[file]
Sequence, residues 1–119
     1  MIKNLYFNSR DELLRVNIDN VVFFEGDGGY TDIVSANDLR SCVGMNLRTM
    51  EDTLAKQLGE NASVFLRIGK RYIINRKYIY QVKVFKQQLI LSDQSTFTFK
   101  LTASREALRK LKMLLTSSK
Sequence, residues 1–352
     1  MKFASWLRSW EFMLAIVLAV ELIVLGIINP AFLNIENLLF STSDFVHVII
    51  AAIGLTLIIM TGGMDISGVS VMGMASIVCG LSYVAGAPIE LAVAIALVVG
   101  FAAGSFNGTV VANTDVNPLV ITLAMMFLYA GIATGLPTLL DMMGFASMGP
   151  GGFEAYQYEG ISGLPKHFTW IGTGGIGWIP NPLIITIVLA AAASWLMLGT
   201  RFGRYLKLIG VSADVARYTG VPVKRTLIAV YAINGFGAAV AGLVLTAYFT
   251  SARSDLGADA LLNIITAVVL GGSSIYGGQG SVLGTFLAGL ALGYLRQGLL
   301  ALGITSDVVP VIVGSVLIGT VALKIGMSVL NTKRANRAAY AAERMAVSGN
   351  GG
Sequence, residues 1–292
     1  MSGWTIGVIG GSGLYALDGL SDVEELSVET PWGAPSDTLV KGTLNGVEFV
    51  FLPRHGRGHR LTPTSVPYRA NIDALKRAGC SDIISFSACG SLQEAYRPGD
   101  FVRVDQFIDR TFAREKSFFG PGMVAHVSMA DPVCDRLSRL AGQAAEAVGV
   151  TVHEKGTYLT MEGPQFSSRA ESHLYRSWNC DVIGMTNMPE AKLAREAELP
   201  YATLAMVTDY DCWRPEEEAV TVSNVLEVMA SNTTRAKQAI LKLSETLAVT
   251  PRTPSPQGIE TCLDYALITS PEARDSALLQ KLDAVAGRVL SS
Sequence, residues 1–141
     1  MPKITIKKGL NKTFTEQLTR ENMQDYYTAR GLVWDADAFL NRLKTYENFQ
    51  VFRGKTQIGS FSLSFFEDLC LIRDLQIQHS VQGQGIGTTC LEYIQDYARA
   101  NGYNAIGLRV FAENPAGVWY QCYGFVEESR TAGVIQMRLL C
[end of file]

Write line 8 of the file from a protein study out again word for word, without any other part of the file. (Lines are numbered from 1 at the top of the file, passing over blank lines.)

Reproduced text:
   101  FAAGSFNGTV VANTDVNPLV ITLAMMFLYA GIATGLPTLL DMMGFASMGP